Common Android Problems


The data connection needs to be checked
Sometimes the data connection drops but
the phone connection stays active. Check
the status bar. If you see bars, you have a
phone signal. When you don’t see the 4G,
3G, 1X, or Wi-Fi icon, the phone has no
data signal.
Occasionally, the data signal suddenly
drops for a minute or two. Wait and it
comes back around. If it doesn’t, the
cellular data network might be down, or you
may simply be in an area with lousy
service. Consider changing your location.
For wireless connections, you have to
ensure that Wi-Fi is set up properly and
working. Setup usually involves pestering
the person who configured the Wi-Fi signal
or made it available, such as the cheerful
person in the green apron who serves you
coffee.
The touchscreen doesn’t work!
The touchscreen, such as the one used on
your phone, requires a human finger for
proper interaction. The phone interprets
complicated electromagnetic physics
between the human finger and the phone to
determine where the touchscreen is being
touched.
You can use the touchscreen while wearing
special touchscreen gloves. Yes, they
actually make such things. But wearing
regular gloves? Nope.
The touchscreen might also fail when the
battery power is low or when the phone has
been physically damaged.
The screen is too dark!
Android phones feature a teensy light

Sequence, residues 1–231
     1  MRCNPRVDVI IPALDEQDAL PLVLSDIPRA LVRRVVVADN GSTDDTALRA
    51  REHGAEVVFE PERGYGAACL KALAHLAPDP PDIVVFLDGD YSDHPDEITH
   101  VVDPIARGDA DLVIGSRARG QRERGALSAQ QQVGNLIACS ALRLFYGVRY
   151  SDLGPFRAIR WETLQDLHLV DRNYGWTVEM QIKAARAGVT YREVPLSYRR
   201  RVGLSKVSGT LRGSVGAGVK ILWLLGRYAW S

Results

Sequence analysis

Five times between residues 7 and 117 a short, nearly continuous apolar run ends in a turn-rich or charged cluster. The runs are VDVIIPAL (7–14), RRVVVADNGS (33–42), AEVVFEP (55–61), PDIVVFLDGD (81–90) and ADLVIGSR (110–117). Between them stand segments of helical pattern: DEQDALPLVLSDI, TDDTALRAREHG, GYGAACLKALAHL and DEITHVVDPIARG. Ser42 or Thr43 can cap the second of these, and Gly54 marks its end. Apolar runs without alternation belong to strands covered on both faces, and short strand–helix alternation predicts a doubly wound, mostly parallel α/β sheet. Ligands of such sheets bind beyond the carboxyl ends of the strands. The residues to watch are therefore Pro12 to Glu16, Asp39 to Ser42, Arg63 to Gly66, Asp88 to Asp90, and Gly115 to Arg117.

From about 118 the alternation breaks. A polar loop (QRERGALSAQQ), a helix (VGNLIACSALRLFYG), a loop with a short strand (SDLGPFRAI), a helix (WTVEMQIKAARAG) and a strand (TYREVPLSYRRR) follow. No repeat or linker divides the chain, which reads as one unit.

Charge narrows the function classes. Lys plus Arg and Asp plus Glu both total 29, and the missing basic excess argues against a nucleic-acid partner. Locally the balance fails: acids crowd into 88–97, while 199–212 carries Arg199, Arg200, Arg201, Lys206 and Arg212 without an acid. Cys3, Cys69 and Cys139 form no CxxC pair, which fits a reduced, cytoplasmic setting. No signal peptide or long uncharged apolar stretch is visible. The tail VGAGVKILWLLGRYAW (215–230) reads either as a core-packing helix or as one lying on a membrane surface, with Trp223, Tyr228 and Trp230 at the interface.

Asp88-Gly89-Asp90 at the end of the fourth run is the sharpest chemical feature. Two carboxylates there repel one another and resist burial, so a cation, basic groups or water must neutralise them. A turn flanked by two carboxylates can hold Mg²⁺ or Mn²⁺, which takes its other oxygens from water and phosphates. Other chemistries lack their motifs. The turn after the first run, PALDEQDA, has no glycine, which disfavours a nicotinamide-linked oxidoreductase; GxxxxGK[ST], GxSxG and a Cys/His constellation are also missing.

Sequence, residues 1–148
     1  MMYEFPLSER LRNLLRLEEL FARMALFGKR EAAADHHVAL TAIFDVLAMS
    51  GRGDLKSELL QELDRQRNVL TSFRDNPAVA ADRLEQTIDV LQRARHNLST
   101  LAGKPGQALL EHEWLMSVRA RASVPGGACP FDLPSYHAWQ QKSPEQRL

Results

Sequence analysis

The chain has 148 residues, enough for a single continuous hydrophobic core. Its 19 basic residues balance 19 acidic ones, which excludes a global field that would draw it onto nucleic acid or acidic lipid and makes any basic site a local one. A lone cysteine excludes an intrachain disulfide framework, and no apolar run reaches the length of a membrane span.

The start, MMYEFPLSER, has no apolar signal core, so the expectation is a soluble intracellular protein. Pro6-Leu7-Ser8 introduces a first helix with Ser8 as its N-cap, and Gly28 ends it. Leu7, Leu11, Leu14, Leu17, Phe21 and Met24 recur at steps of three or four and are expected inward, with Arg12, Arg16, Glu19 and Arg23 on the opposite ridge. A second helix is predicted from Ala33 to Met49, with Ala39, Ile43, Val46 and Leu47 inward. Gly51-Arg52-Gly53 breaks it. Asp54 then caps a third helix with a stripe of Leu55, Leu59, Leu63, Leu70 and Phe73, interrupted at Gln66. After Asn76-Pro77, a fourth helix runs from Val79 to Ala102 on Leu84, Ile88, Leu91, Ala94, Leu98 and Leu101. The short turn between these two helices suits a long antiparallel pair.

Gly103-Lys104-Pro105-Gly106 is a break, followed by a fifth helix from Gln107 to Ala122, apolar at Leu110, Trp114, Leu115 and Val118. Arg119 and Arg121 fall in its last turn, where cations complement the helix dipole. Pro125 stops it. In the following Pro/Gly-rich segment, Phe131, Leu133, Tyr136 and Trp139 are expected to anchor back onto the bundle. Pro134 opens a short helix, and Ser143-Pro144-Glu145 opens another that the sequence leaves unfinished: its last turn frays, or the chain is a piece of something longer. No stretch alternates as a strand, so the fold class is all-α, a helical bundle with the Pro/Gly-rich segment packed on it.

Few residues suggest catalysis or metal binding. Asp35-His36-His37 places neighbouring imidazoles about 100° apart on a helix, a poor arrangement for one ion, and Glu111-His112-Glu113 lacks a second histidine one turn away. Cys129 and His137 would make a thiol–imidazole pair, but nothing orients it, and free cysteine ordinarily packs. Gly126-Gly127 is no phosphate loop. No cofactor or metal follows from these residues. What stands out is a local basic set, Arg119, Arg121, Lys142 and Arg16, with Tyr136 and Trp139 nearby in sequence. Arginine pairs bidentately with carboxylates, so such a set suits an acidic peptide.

sensor on the front. The sensor is used to
adjust the touchscreen’s brightness based
on the amount of ambient light at your
location. If the sensor is covered, the screen
can get very, very dark.
Ensure that you aren’t unintentionally
blocking the light sensor. Avoid buying a
case or screen protector that obscures the
sensor.
The automatic brightness setting might also
be vexing you.
The battery doesn’t charge!
Start from the source: Is the wall socket
providing power? Is the cord plugged in?
The cable may be damaged, so try another
cable.
When charging from a USB port on a
computer, ensure that the computer is
turned on. Computers provide no USB power
when they’re turned off.
Some phones charge from a special cord,
not the USB cable. Check to confirm that
your phone is able to take a charge from
the USB cable.
The phone gets so hot that it turns itself
off!
Yikes! An overheating phone can be a nasty
problem. Judge how hot the phone is by
seeing whether you can hold it in your
hand: When the phone is too hot to hold,
it’s too hot. If you’re using the phone to
keep your coffee warm, the phone is too
hot.
Turn off the phone. Take out the battery
and let it cool.
If the overheating problem continues, have
the phone looked at for potential repair. The
battery might need to be replaced.
The phone won’t do landscape mode!
Just because an app doesn’t enter
landscape mode doesn’t mean that it can
enter landscape mode. Not every app takes
advantage of the phone’s capability to
orient itself in landscape mode. On certain
Android phones, the Home screen doesn’t
“do landscape” unless it’s placed into a car
mount or has a physical keyboard that
works in landscape mode.
One app that definitely does landscape
mode is the web browser.
Android phones have a setting you can
check to confirm that landscape orientation
is active. Check the quick actions drawer for
the Auto-Rotate setting. That setting might
also be found in the Settings app, on the
Display screen.

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